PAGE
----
As state officials move to relax some of the nurse-to-patient ratios imposed earlier this year, only a fraction of California’s hospitals have been inspected to determine whether they are complying with the law.
The state Department of Health Services, which licenses the state’s 451 acute-care hospitals covered by the law, has completed investigations of just 28 facilities, according to state data.
The department does not do random inspections to determine whether the ratios are being followed, relying instead on complaints from the public and self-reporting by hospitals that they are at times out of compliance. Since the law took effect in January, 78 complaints have been filed.
Officials said they don’t have the power to fine or close facilities that don’t meet the ratios. The state has found staffing deficiencies at 15 hospitals, and in all cases has demanded a plan of correction from administrators. In four cases, the inspections led the state to cite the hospitals for other deficiencies not related to nurse staffing.
“We consistently enforce all of the regulations that have to do with patient safety,” said Sandra Shewry, the state’s health director. “Any time there’s an allegation and that allegation could place a patient in immediate jeopardy of health or safety, we assign a nurse or regulator to visit the facility within 48 hours.”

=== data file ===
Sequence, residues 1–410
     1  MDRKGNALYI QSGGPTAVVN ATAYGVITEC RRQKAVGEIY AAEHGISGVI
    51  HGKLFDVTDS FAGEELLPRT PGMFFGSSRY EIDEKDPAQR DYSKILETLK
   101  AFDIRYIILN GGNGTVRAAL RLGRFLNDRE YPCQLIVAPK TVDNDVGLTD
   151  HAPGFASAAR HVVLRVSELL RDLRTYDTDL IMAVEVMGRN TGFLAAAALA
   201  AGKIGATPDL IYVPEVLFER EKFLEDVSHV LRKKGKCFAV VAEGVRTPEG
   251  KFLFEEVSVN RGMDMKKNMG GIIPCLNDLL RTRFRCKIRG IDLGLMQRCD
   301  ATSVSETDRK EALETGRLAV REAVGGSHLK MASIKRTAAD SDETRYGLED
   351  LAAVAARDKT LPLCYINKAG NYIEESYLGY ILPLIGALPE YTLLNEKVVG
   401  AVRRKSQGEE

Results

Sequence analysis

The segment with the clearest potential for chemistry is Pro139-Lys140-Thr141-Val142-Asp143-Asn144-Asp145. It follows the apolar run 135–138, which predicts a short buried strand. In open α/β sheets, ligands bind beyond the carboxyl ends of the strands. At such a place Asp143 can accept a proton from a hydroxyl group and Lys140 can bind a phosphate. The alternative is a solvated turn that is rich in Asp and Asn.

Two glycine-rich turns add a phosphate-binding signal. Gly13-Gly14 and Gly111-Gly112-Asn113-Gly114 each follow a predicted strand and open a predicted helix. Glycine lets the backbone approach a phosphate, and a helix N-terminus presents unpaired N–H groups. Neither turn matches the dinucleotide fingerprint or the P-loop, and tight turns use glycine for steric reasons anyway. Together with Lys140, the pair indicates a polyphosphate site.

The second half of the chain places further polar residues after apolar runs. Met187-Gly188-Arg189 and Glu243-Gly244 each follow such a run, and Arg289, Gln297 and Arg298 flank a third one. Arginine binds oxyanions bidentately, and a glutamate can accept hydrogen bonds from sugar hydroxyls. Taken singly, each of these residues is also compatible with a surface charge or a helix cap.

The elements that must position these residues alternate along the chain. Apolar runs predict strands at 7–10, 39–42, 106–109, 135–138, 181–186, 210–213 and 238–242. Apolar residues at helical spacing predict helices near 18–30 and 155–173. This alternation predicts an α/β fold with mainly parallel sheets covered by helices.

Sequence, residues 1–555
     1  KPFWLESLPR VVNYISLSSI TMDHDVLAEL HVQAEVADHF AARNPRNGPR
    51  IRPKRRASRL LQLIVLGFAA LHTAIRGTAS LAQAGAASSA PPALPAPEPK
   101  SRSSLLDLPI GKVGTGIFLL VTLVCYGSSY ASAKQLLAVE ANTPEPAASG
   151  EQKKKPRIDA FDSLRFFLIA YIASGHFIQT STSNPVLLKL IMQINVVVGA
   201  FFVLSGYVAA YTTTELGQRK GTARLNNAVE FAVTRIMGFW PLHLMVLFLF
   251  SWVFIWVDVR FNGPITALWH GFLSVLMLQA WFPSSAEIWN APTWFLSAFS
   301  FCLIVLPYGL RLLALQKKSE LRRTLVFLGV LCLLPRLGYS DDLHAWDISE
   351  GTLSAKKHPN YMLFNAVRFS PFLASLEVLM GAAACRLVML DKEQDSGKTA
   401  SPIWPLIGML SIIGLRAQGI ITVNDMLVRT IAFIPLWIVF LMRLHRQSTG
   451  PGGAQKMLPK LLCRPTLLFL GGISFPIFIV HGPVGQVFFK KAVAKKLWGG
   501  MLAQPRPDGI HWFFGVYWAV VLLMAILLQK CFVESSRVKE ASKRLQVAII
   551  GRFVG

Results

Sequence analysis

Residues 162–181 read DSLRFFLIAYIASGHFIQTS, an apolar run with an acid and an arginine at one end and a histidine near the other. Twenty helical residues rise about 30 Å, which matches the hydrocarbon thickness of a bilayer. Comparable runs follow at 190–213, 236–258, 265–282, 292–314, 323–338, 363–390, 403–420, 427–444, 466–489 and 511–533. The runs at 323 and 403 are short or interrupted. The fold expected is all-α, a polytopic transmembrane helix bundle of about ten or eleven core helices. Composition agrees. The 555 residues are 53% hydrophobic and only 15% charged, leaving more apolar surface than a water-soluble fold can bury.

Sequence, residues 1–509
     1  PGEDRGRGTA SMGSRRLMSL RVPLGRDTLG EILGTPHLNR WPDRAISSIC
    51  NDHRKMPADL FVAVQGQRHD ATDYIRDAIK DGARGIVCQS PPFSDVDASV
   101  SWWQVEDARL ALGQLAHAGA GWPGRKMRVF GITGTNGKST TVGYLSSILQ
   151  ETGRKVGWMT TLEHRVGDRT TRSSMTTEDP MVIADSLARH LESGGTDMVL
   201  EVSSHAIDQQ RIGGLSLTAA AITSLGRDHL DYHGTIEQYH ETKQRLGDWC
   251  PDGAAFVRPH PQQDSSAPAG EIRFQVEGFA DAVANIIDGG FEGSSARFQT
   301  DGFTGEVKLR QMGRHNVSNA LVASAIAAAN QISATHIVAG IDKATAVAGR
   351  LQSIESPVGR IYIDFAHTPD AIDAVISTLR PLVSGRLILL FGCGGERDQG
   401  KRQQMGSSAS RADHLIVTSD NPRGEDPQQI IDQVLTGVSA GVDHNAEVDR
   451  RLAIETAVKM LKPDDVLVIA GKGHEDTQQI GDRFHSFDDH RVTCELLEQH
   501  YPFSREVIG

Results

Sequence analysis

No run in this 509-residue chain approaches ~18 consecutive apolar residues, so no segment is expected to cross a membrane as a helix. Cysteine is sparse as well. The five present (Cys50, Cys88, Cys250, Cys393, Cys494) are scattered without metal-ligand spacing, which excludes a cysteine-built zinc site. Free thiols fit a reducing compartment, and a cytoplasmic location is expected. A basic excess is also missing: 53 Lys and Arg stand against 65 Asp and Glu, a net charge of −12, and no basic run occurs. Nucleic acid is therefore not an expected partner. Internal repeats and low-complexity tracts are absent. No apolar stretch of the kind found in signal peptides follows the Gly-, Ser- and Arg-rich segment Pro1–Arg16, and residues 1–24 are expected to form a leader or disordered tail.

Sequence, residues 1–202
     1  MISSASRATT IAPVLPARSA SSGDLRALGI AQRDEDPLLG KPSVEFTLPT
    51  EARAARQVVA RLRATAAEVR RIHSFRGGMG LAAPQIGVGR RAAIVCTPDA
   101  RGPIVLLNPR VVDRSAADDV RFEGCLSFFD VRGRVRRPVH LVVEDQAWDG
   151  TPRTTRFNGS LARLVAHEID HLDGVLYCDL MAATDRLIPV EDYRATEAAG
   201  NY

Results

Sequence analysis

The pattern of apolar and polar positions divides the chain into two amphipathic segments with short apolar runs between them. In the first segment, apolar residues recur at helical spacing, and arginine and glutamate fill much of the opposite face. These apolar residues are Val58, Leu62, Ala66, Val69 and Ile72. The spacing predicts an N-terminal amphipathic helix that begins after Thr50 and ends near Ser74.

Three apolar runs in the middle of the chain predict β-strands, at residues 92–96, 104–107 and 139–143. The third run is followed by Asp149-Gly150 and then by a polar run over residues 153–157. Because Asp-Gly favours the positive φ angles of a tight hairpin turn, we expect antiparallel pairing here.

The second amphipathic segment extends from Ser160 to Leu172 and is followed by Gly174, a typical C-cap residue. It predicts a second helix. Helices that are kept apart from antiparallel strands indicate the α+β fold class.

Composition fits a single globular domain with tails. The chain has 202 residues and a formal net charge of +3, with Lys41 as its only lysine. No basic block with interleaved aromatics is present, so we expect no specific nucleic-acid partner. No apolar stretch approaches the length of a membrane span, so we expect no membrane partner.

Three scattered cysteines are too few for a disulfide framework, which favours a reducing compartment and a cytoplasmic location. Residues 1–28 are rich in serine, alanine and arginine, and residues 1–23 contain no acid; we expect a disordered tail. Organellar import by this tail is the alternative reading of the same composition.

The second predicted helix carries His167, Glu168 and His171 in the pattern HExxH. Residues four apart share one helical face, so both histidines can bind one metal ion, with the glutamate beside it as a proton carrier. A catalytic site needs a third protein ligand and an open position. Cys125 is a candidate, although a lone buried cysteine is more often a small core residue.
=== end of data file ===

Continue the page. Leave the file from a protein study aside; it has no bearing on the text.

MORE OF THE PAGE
Other staffing complaints that do not indicate immediate patient harm will be investigated at the regular hospital inspection, which happens every three years, state officials said.
As a result, it remains unclear how many hospitals are complying with the ratios.
A hospitals association, which opposes the ratios, says its survey found 85% of hospitals out of compliance. A survey by a nurses union, which supports the ratios, found 42% of hospitals out of compliance.
The confusion comes from a law passed by the Legislature in 1999, the first in the country to set standards for the maximum number of patients that each nurse is allowed to handle at all times. Those numbers are based on the severity of the patients’ illnesses. In the operating room, for example, each patient should have nurse. In a medical-surgical ward, one nurse may take care of six patients.